Why Nokia and Linux failed, so far

Before you judge me by the article title, please read carefully. I have a very important message, and it has everything to do with the commercial and public image success of Nokia, and Linux. We will begin with the former. To wit, here’s a brief introduction. Introduction In the early 2000s, Nokia was deemed the king of ergonomics. Its phones were designed with style, but more importantly, the operating systems and the menus were consistent, easily accessible and rather intuitive to users. As the smartphone market began to boom, Nokia chose a somewhat more conservative approach to design and user… Continue Reading

Diverging paths: KDE v. Unity

Unity even 2 years and a half after it was introduced remains a contentious feature and source of constant debates. It seems like there’s no middle ground, either people love Unity or hate it. In this sense, and not in many others, Unity is like KDE 4. To better represent how these two compare we will try to explore them like a new user would, starting with KDE followed by Unity. KDE An empty desktop with a cashew and single panel containing a menu button, a system tray and a clock.┬áSeemingly as straightforward as it gets. The only apparently weird… Continue Reading

Firefox Marketplace – A caravan, for me ma!

Gold rush, in the digital form. That is, ladies and gents, what we call the mobile market. A success of one is an indicator of potential success for many. Hence, you get the proliferation of mobile operating systems for mobile devices. You have iOS, you have Android, some others, and soon, you might have FirefoxOS. At this point in time, you might be asking yourselves how the title might be relevant to the story. Worry not, it shall all be revealed soon. To boldly go where many have gone before All right, so Mozilla wants a piece of the action,… Continue Reading

Enlightenment desktop – Yes or no?

My experience with the Enlightenment desktop slash window manager hails back to 2007, when I started exploring distributions like openGEU and friends. Then, fast forward two years, I’ve had my first encounter with Bodhi Linux, which comes with E17 as its default desktop. Fast forward some more, and we enter the year 2013, with yet another review of Bodhi. Half a decade ago, I was rather impressed with what the desktop could do. It managed a fair share of bling-bling, smooth transitions, shadows, transparency, and other cool effects, without having to rely on an expensive graphics card. It was all… Continue Reading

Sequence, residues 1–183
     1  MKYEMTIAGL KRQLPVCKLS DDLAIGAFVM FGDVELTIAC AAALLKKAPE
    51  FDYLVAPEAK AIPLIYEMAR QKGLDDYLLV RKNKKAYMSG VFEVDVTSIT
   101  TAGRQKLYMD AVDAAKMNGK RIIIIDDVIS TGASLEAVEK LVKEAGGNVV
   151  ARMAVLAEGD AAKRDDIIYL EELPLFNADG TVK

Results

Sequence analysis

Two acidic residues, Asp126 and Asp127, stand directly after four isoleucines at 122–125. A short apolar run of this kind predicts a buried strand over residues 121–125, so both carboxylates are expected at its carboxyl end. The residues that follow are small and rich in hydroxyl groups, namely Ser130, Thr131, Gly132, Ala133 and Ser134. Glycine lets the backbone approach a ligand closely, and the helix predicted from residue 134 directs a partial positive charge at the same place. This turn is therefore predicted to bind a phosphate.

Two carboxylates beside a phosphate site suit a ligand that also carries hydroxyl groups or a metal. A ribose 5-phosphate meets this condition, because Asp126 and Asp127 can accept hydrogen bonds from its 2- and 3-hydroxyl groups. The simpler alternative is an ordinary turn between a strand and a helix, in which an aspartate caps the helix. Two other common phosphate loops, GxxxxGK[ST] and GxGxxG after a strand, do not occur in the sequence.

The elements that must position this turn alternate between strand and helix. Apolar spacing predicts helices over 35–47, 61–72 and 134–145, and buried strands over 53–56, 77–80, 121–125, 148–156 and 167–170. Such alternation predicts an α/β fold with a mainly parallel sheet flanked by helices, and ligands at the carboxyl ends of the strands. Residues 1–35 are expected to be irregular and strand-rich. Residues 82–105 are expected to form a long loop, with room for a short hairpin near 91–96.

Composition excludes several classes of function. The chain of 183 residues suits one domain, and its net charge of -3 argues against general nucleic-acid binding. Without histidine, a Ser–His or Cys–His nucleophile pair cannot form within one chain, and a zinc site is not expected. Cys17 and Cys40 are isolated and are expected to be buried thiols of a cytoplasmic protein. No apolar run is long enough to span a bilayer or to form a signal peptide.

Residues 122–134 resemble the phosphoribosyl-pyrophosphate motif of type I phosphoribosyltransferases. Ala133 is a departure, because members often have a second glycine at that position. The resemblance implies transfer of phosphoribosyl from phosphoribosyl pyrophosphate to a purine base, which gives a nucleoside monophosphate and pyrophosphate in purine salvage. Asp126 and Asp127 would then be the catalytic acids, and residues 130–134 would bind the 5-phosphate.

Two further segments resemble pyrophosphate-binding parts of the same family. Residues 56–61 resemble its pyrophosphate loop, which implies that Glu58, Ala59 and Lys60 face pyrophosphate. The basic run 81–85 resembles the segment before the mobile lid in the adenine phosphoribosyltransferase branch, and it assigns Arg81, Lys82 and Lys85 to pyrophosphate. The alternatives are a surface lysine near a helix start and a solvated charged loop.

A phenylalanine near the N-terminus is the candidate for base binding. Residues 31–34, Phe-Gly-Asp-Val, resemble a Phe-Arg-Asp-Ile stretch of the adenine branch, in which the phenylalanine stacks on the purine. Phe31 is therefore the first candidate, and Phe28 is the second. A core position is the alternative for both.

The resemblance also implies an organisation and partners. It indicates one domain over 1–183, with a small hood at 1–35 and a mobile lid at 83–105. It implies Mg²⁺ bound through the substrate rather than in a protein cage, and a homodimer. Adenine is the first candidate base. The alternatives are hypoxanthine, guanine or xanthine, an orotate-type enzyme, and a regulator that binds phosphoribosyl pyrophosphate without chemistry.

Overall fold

Netflix and Linux

There’s a simple workaround to use Netflix in Linux, it isn’t perfect or very stable, and according to some it doesn’t always work, still, if you scroll down you can find instructions to install it. Look, I think we all should understand that Linux represents a very small portion of the desktop user base of any product, so we shouldn’t feel entitled to get all services other vastly more popular operating systems are getting, instead we should celebrate when an important service hits Linux, like Steam. One of the best developments to happen to open source, and that Linux users… Continue Reading

Linux and the Chromebook Pixel

Google recently released its first Google laptop. It took the world by surprise, while there was a leak a few days before the device was still far from confirmed and even further from expected. ChromeOS is used in many low-end laptops, Chromebooks have pretty much become the successors of netbooks. However, the Pixel is different: instead of being akin to netbooks it’s more like a high-end ultrabook, a new category of its own. I’ve argued before┬áthat Linux has yet to have a significant impact in the desktop operating system market not because it traces behind in any significant way technologically… Continue Reading

How to save your data when things go wrong

A couple of days ago a very close friend of mine committed a terrible mistake: He formatted all of his drive when he was trying to install Linux. Soon he was consumed by despair as the installation failed and he was left with no operating system and just an empty option in the boot menu labeled “Windows 7″, a misleading entry merely pointing out to Windows’s 100 MB recovery partition. Not a single personal file survived, all of his music, documents and pictures were now lost. In his desperation he booted into Linux again using his live CD and more… Continue Reading